What is Autism Spectrum Disorder (ASD)?

Autism is sometimes known as Autistic Spectrum Disorder or Autism Spectrum Condition. People with Autism sometimes prefer to use one of these terms or describe themselves as Autistic. Autism is also know as a ‘neurodiversity’ , along with several other diagnoses. 

Autism is a lifelong, developmental condition that affects how a person communicates with and relates to other people and how they experience the world around them. An Autistic person may have difficulties with  verbal and nonverbal social communication skills that affect their daily life and they may struggle to interact with other people, cope in social situations and form or maintain relationships. Autism is also associated with restricted and repetitive behaviours, such as finding it hard to cope with changes, repetitive movements, fixated interests and sensory processing differences.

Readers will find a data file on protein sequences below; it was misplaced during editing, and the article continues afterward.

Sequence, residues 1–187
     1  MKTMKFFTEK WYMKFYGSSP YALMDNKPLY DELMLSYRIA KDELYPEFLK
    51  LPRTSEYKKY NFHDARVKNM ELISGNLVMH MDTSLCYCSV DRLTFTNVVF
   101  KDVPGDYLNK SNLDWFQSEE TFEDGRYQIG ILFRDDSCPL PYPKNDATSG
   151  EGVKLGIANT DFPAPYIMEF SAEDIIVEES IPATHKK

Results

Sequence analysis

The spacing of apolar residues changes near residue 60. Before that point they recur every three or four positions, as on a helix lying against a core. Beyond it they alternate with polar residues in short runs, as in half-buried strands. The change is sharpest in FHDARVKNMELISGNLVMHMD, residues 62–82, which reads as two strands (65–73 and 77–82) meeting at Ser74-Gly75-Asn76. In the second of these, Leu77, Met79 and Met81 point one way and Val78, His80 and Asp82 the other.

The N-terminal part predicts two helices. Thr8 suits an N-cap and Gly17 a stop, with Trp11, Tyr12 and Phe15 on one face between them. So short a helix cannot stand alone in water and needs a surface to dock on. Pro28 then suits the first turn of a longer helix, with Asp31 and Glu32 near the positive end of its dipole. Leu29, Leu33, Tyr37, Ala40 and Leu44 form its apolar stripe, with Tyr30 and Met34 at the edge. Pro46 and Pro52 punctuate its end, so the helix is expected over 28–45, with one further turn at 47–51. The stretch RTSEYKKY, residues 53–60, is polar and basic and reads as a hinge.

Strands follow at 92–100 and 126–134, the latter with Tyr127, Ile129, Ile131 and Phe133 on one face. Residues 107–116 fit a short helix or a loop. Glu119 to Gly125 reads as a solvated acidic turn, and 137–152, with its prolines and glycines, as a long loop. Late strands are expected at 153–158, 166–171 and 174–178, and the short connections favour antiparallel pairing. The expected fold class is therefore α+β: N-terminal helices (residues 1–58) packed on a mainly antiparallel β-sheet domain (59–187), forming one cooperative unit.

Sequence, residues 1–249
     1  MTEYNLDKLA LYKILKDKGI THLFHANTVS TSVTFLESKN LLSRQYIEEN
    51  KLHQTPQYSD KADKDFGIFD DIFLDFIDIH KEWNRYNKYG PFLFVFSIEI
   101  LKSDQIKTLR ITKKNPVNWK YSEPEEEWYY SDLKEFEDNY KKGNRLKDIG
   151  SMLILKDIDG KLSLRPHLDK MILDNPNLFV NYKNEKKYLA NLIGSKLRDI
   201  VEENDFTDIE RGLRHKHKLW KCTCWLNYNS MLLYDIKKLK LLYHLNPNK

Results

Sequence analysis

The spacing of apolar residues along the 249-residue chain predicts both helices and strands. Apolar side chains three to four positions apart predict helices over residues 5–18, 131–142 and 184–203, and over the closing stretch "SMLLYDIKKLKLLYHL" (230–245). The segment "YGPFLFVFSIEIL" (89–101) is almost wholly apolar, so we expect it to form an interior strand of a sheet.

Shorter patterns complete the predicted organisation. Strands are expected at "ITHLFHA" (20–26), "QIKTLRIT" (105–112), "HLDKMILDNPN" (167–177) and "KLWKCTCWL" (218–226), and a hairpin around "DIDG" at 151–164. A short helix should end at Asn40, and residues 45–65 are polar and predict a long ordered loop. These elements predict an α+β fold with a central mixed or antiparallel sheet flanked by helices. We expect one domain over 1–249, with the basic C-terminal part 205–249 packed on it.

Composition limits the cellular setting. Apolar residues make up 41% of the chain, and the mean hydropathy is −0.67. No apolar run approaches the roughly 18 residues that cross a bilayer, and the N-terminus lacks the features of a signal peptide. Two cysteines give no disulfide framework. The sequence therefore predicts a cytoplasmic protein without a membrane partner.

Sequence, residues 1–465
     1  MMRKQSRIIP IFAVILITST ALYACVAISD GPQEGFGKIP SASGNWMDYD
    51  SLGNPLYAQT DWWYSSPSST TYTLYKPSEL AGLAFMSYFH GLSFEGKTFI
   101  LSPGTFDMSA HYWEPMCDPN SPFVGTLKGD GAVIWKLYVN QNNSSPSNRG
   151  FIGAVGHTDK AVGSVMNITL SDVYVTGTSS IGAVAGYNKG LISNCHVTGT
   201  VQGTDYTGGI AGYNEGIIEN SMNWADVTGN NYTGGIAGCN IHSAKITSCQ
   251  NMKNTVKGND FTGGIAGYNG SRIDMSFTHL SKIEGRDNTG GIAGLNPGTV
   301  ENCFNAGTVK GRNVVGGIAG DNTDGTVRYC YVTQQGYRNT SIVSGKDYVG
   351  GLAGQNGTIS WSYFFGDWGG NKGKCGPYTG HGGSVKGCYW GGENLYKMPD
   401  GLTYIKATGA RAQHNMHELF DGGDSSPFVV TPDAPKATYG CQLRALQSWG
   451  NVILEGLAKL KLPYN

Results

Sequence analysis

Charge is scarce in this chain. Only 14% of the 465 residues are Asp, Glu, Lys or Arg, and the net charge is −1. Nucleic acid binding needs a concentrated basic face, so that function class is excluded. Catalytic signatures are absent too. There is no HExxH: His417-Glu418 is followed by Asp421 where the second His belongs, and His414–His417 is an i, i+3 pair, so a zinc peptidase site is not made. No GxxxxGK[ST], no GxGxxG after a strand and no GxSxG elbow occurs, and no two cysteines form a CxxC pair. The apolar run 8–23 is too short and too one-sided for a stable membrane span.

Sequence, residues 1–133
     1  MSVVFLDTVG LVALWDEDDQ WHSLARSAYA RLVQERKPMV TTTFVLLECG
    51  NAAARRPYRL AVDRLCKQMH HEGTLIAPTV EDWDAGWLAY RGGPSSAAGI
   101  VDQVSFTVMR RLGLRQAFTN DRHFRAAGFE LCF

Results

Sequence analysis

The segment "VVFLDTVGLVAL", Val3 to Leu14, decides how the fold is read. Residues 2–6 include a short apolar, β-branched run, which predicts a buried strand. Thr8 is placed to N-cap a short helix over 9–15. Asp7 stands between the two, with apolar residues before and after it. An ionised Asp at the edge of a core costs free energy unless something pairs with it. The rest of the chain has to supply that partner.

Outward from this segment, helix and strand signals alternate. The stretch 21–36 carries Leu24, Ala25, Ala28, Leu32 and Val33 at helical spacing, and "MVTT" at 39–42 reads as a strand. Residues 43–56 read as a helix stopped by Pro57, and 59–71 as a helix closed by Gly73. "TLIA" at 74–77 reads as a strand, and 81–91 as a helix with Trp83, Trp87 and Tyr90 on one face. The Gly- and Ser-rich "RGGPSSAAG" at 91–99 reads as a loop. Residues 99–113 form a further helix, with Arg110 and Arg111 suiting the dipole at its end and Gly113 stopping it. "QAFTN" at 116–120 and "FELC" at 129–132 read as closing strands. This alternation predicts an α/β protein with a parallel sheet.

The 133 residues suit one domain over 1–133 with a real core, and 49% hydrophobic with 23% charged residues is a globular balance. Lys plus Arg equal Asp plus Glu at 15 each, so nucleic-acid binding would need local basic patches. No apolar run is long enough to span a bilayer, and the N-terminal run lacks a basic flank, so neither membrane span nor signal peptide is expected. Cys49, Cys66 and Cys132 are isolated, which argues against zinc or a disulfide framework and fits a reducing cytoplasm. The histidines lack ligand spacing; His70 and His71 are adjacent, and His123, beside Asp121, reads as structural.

These features must be present in the early developmental period, but may not be recognised by others until later on in a person’s life. These may become apparent as the social demands increase, or conversely may be masked by learned strategies as a person gets older.

Having a diagnosis of Autism does not mean that there is something ‘wrong’ with a person, although we acknowledge that differences in social communication and interaction can lead to challenges in life, such as finding it hard to cope at school. We also recognise that Autistic people have many strengths and with the right understanding and support around them can lead a fulfilled and meaningful life. A diagnosis should not be required for interventions that support your child, but it  will help your child and others understand the way they think and perceive the world.